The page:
10.15 p.m.

Lord Mackay of Ardbrecknish: I thank the noble Lord for giving way. Listening to that argument, I was intrigued to hear him say "previously" by the Secretary of State for Scotland. Perhaps he could tell me who under the Bill will be the relevant person as regards Scotland.

Lord Bach: As soon as I mentioned Scotland and saw the noble Lord in the Chamber, I knew that someone had made a mistake! I understand that it is Scottish Ministers in Edinburgh by way of devolved government. If I am wrong about that, I shall return to the matter later in my remarks.

I was grateful for the comments of my noble and learned friend Lord Archer of Sandwell. He speaks with great authority on these matters and the Government are reassured by his support. He has a most distinguished record not only in the area of intelligence and security but as a former Solicitor General of great distinction.

The other amendments in the group have been tabled in order to remove the role of a duly authorised senior official to issue a warrant under certain circumstances. These circumstances, which are most specific, are when a warrant application is urgent or when a request has been made under the mutual legal assistance convention. I believe that the noble Lord, Lord Lucas, was sceptical about that last issue.

It might be helpful if I explain the procedures which must be followed in urgent cases. First, the senior official who signs the warrant must be expressly

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authorised to do so by the Secretary of State. Secondly, the express authorisation must be in relation to that particular warrant only. Thirdly, the official who signs the warrant must endorse on it a statement that he has been expressly authorised by the Secretary of State to sign that particular warrant. So even when the urgent procedure applies, the Secretary of State must have given personal consideration to the application in order to give instructions to a senior official for the signing of that particular warrant. An additional safeguard is that in such circumstances the warrant is to last for five days only. I hope that that goes some way to assuring Members of the Committee that these provisions have been looked at carefully and that the authorisation and actions required under such circumstances are strictly prescribed.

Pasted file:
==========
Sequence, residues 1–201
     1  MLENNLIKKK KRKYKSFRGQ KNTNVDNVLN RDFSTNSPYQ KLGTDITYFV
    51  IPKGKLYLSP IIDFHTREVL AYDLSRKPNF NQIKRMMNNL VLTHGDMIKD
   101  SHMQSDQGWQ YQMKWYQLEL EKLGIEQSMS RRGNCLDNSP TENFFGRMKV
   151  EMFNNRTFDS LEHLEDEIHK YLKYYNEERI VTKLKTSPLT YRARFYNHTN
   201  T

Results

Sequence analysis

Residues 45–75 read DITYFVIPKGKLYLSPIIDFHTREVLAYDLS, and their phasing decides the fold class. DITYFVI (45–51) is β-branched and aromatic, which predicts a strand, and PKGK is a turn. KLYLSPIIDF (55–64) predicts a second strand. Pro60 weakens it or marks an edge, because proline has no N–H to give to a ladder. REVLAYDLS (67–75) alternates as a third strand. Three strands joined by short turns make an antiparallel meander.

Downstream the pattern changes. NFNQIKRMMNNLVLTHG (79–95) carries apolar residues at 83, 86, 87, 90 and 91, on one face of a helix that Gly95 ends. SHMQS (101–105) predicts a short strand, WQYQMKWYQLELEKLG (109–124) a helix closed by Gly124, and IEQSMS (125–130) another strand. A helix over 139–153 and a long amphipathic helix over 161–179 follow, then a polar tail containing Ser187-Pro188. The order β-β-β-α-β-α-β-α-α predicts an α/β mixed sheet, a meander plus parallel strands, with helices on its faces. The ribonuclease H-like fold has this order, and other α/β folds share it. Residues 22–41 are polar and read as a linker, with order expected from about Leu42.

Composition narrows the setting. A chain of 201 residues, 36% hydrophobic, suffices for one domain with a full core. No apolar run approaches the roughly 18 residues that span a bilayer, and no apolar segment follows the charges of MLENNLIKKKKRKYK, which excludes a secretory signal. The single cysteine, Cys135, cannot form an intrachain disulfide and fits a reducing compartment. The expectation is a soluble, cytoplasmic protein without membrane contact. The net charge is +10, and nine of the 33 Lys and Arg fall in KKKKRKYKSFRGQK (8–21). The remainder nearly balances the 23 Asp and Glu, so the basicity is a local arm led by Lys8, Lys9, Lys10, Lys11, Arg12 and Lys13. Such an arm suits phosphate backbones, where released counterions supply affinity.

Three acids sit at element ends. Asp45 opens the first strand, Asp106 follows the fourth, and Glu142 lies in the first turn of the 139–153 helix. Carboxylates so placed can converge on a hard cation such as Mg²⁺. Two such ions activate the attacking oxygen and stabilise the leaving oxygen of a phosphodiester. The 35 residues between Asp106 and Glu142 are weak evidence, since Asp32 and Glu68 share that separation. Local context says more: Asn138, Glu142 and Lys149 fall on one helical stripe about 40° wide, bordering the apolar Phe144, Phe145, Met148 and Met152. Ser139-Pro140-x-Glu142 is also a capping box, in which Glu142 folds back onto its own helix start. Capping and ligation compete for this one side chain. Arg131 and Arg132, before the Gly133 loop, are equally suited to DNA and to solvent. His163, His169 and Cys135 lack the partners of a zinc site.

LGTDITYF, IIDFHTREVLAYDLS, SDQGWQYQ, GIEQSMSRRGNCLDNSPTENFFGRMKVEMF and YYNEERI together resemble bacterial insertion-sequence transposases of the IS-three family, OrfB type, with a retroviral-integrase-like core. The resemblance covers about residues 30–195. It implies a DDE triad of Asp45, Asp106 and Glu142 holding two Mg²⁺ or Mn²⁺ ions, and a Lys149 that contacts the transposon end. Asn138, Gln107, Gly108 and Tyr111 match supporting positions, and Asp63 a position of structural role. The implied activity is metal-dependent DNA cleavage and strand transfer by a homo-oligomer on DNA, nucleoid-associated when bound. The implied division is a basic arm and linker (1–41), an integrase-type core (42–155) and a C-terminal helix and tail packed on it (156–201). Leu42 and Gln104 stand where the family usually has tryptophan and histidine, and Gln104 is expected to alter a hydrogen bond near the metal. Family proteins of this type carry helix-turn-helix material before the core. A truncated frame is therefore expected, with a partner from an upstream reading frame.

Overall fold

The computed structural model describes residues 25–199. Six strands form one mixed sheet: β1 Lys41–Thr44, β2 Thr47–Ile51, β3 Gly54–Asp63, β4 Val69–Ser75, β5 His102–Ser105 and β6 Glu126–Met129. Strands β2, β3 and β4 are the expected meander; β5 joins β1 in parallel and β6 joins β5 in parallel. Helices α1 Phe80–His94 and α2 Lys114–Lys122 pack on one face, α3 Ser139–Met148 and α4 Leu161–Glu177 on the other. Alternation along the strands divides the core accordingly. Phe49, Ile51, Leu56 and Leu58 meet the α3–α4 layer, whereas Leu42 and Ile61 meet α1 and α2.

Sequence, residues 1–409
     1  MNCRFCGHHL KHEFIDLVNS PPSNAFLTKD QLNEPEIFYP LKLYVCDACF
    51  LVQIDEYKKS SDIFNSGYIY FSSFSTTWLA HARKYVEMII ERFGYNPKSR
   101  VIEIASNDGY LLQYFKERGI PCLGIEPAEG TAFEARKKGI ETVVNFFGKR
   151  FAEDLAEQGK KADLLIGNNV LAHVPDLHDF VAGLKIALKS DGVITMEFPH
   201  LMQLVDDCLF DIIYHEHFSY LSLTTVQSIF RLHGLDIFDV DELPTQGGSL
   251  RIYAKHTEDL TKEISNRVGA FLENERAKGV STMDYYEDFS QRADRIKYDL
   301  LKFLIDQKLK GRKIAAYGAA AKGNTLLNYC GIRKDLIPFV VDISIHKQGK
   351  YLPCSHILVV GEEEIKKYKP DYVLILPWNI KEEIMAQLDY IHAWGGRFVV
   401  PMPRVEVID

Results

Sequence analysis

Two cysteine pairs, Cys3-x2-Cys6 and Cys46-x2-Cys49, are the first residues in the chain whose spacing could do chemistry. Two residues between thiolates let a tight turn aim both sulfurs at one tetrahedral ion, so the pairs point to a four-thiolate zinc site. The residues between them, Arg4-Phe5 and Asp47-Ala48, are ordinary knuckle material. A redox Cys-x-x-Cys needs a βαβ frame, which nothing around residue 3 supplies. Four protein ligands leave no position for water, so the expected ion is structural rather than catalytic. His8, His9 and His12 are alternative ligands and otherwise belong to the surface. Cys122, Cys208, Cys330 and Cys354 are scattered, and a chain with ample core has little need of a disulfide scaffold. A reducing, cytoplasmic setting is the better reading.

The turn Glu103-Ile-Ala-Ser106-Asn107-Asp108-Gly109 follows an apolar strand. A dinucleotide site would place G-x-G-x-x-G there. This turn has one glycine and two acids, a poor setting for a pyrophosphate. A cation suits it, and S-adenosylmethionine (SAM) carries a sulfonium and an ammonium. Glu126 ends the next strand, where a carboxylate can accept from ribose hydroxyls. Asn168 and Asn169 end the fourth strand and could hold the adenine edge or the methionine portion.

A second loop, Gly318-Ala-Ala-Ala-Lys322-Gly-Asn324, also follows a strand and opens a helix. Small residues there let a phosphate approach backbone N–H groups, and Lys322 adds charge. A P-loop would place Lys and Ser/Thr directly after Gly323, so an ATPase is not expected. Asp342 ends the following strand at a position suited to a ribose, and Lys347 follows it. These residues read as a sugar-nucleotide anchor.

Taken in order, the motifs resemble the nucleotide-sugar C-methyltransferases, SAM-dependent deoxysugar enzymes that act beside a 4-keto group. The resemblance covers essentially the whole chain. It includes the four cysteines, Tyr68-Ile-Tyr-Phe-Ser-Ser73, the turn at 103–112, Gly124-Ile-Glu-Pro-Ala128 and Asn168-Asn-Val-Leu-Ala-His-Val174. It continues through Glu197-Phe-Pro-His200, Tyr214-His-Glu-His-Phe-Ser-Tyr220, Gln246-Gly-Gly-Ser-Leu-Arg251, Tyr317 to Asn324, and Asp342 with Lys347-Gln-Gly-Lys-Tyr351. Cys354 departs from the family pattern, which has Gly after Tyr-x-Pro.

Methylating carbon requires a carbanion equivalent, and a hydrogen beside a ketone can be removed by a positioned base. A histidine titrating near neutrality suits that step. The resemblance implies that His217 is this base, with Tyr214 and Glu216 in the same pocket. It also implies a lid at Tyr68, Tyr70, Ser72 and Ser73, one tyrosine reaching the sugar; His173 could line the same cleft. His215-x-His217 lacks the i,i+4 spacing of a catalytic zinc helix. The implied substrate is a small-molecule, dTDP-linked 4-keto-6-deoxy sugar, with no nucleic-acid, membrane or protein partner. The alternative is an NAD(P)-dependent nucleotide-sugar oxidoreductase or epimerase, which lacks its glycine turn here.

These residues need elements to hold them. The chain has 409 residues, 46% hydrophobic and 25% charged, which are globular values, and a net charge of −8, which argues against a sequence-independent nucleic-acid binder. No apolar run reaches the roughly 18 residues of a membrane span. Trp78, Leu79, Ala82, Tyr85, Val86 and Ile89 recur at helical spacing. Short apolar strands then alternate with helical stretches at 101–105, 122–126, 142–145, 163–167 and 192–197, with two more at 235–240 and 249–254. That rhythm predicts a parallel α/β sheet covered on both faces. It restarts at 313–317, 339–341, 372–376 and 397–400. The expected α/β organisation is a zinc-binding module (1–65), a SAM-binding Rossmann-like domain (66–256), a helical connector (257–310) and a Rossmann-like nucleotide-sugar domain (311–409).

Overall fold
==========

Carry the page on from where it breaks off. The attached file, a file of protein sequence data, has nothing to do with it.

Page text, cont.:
I hope that the noble Viscount, Lord Astor, for whose support of the main part of the amendment we are grateful, will be satisfied by the fact that under the Interception of Communications Act 1985 provision was made for the signing of a warrant in an urgent case by a senior civil servant; an Assistant Under-Secretary of State. As regards urgent cases, that has been the case since 1985 and I do not believe that that power has ever been misused. Therefore, we are not making up new law; this has already been on the statute book for 15 years.

The other circumstance which allows for a senior official to issue a warrant relates to a request made under an international mutual legal assistance agreement. Here, the interception subject, or the premises where communications are to be intercepted, must be outside the United Kingdom. In such circumstances, a warrant may be issued if the competent requesting authorities have already issued an interception order against a subject of interception. Therefore, by the time it reaches us, an interception order will already have been issued against the subject of interception. As we are making no decision on the merits of the case, and the purpose of the warrant is solely to provide technical assistance—in other words, with a satellite interception or a telephone interception on foreign territory—we consider it appropriate for the warrant to be issued by senior officials rather than by the Secretary of State. I hope that that answer goes some way to satisfying the noble Lord, Lord Lucas.

I was asked what was meant by a "senior civil servant". A senior civil servant is someone who is at grade 5 and above; in other words, an Assistant Secretary or above.

In a recent and telling intervention, I was also asked about Scottish warrants. According to the Bill, they are issued by the Secretary of State. However, a devolution order under the Scotland Act will transfer that function to Scottish Ministers—in practice, the Scottish First Minister—in matters which involve serious crime. I hope that that answers the noble Lord, Lord Mackay of Ardbrecknish.

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I hope that the comments that I have been able to make on these matters have satisfied the noble Lord who moved the amendment and that he will feel able to withdraw it.